The really interesting thing is that, if it works well and catches on, we’ll likely see this on Monster climbing ropes, too. That would not only mean a longer lasting sheath, but a rope that, even when brand new is easier for a belayer to grab and hold in hard falls.

Lastly, Metolius has also added five new hold lines to its already considerable plastic collection. All those Karn-shaped holds are worth a look if you work in a gym or have a home woody. The shapes are simple and friendly, but with a few key features you might like, such as thumb catches for added power on roof jugs.

Metolius 1

The jury is still out on another line of Metolius holds, however, called Inside Outs. This variation of the inset, popular early in the evolution of climbing walls, has a square or rectangular-shaped back that fits into a hole in the wall. Designed with home woodies in mind, Inside Outs have the advantage of being easier to install than the old round insets, but the disadvantage of having only a limited number of orientations. Rotate the smaller holds in 90-degree increments and the bigger ones in 180-degree increments.

M’kay, that’s all I have for the early half. We have Mammut, Petzl and more on tap for later. Don’t touch that mouse!

Sunday, 5 PM

I gotta tell you, the EVOLV booth has become our office at the OR. We started the afternoon by meeting with Podclimber and Access Fund. With the Podpeople we discussed a couple of option for the future, including a way to make it easier to listen to podcasts while surfing RC.com. We want nothing from the Access Fund… we only want to give something to them and the community. As of now, the way I update the Access Alert on the front page is, I wander about the site and find the best option for an alert – the hottest issue, so to speak. Now, the Access Fund will contact us and tell us what they need, so in effect, we’re opening our resources for them. Of course, nothing is definite and there are several variables, but we also discussed a pretty nifty way to link our routes database to one they’re currently building, so that, if an area is access sensitive, a link will automatically show atop that page on RC.com to direct users to more information. Uh oh… wait a sec… what the --

Smartwool

Look out! Acrobats in Smartwool underwear! Is that a J_ung Dancer in the background?!

I always knew this was a great resource for access issues, but the Laurel Knob thread really opened our eyes to how much good we can actually do. Expect to us be even more active on that front going forward as we work with the AF, instead of separately.

And then it was on to Mammut. A few questions… a few answers… Mammut’s 6mm Dyneema slings will ship within 4-6 weeks, so expect to see those out and about soon. As for how thin ropes will go, Mammut’s Jeff Cunningham smirks as he says simply, “They’ll go skinnier.” David Hymans, another Mammut employee takes it a bit further. “We’re shaving tenths of millimeters right now and it makes a difference, but to really make a jump, I think they need new materials.” I wonder how long it will take before a special belay device is included with every rope!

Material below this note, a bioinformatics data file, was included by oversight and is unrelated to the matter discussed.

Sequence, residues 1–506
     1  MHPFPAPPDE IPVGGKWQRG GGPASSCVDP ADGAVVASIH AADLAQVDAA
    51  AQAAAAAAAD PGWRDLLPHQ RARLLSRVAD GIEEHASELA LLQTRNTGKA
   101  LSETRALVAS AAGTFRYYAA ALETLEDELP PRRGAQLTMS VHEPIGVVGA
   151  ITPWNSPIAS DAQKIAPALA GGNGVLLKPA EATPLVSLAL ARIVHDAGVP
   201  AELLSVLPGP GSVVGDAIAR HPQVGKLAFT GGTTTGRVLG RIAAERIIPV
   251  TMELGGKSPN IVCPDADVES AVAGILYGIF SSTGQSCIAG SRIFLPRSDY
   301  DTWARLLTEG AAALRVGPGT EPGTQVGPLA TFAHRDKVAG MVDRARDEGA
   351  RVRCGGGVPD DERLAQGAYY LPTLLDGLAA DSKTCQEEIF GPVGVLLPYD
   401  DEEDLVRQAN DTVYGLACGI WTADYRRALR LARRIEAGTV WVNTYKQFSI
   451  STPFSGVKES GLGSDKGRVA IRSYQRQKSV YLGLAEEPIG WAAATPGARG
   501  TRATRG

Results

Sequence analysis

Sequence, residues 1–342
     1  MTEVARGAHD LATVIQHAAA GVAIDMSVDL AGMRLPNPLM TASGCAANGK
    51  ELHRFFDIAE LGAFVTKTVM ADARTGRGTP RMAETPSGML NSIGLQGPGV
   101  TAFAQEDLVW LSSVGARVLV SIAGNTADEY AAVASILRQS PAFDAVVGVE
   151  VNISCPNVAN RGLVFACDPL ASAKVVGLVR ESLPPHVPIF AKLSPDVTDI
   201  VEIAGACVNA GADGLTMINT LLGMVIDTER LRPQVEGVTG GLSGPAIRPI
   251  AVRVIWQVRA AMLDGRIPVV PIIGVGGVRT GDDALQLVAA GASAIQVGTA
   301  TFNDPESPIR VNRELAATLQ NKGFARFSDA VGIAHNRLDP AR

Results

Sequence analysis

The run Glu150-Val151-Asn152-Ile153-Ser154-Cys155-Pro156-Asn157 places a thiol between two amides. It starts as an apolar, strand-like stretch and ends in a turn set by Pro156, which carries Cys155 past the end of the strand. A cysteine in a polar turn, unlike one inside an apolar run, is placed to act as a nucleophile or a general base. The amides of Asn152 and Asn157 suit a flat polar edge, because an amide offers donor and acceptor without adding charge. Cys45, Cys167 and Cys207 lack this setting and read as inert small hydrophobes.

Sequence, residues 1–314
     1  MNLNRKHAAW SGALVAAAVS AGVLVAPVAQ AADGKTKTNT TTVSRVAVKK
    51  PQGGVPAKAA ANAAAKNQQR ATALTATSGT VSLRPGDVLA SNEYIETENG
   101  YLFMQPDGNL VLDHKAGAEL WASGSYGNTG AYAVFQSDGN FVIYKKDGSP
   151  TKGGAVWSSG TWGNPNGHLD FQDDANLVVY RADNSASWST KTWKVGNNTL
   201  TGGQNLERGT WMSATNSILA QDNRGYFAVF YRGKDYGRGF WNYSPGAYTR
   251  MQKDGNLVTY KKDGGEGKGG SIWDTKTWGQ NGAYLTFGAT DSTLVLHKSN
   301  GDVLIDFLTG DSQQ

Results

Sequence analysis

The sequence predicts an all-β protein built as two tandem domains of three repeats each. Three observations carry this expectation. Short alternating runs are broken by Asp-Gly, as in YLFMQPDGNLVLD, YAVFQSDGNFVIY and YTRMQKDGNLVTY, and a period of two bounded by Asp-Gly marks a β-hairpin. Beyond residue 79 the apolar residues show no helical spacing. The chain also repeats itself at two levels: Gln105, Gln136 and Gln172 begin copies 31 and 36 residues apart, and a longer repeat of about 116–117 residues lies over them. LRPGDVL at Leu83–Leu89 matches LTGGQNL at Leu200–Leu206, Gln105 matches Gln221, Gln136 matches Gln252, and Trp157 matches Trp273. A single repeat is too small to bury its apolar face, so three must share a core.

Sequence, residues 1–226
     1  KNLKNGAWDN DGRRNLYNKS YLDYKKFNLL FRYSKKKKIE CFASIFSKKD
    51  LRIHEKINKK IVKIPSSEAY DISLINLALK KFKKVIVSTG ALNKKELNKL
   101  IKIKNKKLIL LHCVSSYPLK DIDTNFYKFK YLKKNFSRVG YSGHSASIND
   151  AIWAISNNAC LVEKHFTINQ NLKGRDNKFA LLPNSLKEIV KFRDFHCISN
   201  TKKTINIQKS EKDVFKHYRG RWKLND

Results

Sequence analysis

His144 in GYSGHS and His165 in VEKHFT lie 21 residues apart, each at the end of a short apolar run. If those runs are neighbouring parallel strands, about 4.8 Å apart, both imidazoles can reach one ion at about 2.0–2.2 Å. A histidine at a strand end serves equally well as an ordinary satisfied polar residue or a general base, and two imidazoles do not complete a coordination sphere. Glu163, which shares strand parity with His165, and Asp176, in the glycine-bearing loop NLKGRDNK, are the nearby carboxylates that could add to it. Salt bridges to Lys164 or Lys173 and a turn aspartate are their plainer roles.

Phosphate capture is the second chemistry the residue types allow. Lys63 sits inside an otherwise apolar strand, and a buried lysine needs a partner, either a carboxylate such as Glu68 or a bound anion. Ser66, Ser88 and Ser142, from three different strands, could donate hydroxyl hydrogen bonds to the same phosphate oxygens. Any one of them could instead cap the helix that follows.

And speaking of thin ropes, you’ll also see Mammut’s 8.9mm Serenity – a single-rated cord to show in stores within a few weeks.

Mammut 2

But the biggest news from Mammut – and this is definitely a “wow” moment – is their new Barryvox transceiver. This baby does a couple things that no other transceiver does. First, it offers a real-time 360-degree display that will pinpoint victims in any direction, no matter the orientation of the device. No more walking in arcs to find a victim for whom the clock is ticking. And, the Barryvox can also detect signs of life, such as heartbeat and respirations. While it in no way guarantees life, it does make a rudimentary triage possible for multiple victims. I hate to be blunt, but it would be bad to spend time digging out a dead victim when, 100m further, a live one still has a fighting chance. The Barryvox helps make it possible to make that decision. It’s available in October.

Mammut 1

There’s also a new harness out for Mammut, a very nice option for those looking for a pricepoint, the Mirage. Of note, it’s equipped with Mammut’s ISPO-winning wear protector for the crotch-strap tie-in point.

New on the RC.com docket for this year is Petzl, which was gracious enough to show me the new stuff from the last summer show, too. Anodized Gri-gris are out, so expect to see them at crags soon. And their newly re-designed Nomic ice tool is also up and about. The Nomic now has a somewhat less extreme angle, which makes it considerably easier to swing than its predecessor. According to Petzl it makes a good tool for ice climbers looking to go leashless for the first time – its head weights are adjustable and removable for dry-tooling as well. Petzl’s Bongo hammer (still in prototype) sports a super-long beak, keep an eye out for more on it. By now, you’ve probably noticed the ridges on the Reverso. A couple years back, Petzl also narrowed the slots a little, so if your experience with the Reverso was less than satisfactory, you may want to try again.